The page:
Graduate Colloquium: "Experiencing Diverse Cities: Community Based Arts, Social Interaction, and Progressive Politics"

Tuesday, November 13, 2012 - 9:30am
Meyerson Hall G-12

Please join us for coffee, croissants and conversation during the Urban Studies Graduate Student Colloquium Series! The series provides a way for graduate students who are or have been a part of the Urban Studies Certificate program to come together to share their work. Most colloquia run from 9:30-11:00am unless otherwise noted.  

Author: Carolyn Chernoff, joint PhD candidate - Sociology and Education/Culture/Society

Discussant: Dr. Mark Stern, Professor and Kenneth L.M. Pray Chair of the School of Social Policy and Practice, Co-director Urban Studies Program

Abstract: Recent scholarship and public policy ask arts to drive economic growth for urban revitalization; this perspective takes positive social interaction as a given within the larger project of arts-based urban economic development.  However, the social life of community-based art and related democratic practices provide another lens to explore the role of arts and arts organizations within the contemporary city.  Within the fractured context of American cities (racial and ideological segregation), community-based arts provide a testing ground for social interaction across demographic difference (race, class, geography), a place where “culture builds community” (Stern & Siefert, 2002), albeit not unproblematically. This dissertation explores democratic practices around diversity within urban community-based arts organizations devoted to progressive social change.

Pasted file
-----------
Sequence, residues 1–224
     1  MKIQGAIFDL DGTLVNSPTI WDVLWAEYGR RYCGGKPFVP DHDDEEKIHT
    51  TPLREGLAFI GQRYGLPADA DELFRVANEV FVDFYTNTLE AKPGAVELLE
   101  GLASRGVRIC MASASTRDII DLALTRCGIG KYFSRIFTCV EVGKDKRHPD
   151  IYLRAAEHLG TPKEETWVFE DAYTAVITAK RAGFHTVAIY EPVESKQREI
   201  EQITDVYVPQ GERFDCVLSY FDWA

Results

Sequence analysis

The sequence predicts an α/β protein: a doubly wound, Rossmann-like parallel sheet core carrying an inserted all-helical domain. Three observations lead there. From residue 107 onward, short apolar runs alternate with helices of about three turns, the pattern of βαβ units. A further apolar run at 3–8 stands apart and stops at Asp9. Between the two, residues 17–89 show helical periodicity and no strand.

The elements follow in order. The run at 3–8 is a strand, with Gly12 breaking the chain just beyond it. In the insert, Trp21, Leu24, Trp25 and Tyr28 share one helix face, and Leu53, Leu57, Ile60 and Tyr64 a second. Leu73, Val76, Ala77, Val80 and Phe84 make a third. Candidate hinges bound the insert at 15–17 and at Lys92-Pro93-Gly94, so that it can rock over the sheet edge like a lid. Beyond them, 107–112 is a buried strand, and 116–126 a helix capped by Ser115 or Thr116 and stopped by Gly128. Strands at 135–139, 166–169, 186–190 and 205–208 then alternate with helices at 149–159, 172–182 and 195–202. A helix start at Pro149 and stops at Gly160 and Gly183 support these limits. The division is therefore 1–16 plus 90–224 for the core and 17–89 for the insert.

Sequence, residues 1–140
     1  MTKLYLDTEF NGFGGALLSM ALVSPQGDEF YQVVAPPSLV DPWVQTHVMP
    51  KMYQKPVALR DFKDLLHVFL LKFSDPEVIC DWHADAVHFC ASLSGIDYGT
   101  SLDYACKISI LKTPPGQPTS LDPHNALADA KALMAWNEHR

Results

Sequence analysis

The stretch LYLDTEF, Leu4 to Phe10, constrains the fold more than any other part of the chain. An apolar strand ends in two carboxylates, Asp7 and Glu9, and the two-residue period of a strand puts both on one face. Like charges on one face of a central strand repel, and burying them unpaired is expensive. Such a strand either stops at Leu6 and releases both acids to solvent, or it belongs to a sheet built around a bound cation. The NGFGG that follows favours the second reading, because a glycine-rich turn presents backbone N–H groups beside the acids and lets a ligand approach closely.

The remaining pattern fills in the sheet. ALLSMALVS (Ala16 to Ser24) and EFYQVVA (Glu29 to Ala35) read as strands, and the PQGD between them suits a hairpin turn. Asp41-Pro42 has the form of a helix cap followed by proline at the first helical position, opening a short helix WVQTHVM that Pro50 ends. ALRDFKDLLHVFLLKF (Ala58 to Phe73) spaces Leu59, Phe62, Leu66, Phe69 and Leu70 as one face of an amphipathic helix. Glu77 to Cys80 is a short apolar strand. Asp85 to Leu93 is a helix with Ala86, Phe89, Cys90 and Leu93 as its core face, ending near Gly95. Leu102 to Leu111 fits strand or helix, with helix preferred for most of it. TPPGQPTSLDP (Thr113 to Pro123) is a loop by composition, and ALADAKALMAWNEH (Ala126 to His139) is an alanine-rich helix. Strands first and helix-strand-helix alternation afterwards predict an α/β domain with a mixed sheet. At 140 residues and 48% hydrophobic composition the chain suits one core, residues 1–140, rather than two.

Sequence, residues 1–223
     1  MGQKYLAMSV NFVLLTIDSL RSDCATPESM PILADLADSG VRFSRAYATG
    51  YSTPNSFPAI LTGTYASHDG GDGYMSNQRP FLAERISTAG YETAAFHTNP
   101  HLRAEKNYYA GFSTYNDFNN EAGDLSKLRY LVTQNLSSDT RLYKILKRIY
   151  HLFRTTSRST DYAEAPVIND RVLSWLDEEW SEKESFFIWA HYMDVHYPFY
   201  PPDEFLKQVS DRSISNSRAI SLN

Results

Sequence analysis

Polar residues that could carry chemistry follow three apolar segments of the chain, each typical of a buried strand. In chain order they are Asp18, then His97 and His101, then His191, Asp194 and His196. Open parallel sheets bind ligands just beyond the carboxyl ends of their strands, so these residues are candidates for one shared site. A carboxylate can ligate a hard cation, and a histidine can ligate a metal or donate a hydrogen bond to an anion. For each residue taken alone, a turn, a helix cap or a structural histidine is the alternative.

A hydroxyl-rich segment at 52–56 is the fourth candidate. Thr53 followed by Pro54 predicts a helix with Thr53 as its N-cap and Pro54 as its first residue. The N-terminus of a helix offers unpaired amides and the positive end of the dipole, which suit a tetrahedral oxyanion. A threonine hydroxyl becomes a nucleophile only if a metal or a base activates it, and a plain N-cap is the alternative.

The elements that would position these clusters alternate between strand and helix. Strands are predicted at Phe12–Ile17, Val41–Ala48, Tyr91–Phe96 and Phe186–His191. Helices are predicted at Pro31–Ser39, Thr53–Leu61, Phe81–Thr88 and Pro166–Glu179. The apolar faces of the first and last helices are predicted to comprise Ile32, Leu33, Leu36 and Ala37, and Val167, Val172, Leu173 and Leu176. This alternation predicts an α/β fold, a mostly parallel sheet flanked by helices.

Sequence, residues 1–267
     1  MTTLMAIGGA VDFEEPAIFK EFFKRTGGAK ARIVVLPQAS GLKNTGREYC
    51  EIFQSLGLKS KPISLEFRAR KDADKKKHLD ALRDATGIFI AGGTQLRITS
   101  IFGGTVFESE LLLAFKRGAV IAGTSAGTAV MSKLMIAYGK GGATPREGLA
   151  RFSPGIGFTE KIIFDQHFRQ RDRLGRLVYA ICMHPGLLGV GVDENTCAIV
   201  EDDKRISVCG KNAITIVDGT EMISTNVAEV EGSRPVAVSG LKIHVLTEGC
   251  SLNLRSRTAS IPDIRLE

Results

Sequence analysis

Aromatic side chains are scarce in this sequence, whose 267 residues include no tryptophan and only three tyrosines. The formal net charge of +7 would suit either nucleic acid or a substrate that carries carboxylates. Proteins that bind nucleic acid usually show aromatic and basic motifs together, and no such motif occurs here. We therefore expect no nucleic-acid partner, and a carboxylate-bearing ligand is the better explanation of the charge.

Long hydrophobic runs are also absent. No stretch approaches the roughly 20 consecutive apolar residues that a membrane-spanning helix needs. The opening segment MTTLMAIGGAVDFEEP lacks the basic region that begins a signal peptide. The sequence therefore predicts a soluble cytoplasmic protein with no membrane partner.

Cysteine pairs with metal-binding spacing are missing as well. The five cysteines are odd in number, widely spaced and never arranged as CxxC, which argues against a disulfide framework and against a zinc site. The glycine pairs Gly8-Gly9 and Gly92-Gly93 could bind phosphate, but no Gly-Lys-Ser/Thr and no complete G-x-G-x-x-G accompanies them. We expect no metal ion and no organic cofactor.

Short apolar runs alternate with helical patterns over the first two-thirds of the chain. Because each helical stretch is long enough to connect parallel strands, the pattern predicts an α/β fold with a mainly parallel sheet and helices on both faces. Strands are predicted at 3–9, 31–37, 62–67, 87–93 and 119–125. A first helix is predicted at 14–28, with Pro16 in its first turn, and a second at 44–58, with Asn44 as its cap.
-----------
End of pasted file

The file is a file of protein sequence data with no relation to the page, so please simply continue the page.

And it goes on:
The conceptual framework for this project combines overarching concepts of art as social intervention in urban problems, the potential for diverse social interactions within community-based arts organizations, and elaborating the assumed connection among cities, arts, and social change that theorists and practitioners rely on when considering the larger role of community-based arts organizations within the contemporary American city.  Ultimately, this project is nestled within a search for diverse urban experience: the experience of art (Dewey, 1932/2005), the experience of community, the experience of a diverse, unoppressive city (Young, 1990; Green, 1999).  This dissertation looks at social interaction around diversity in progressive arts spaces, and examines where those interactions, ideologies, and organizations fit within the larger project of an unnoppressive city.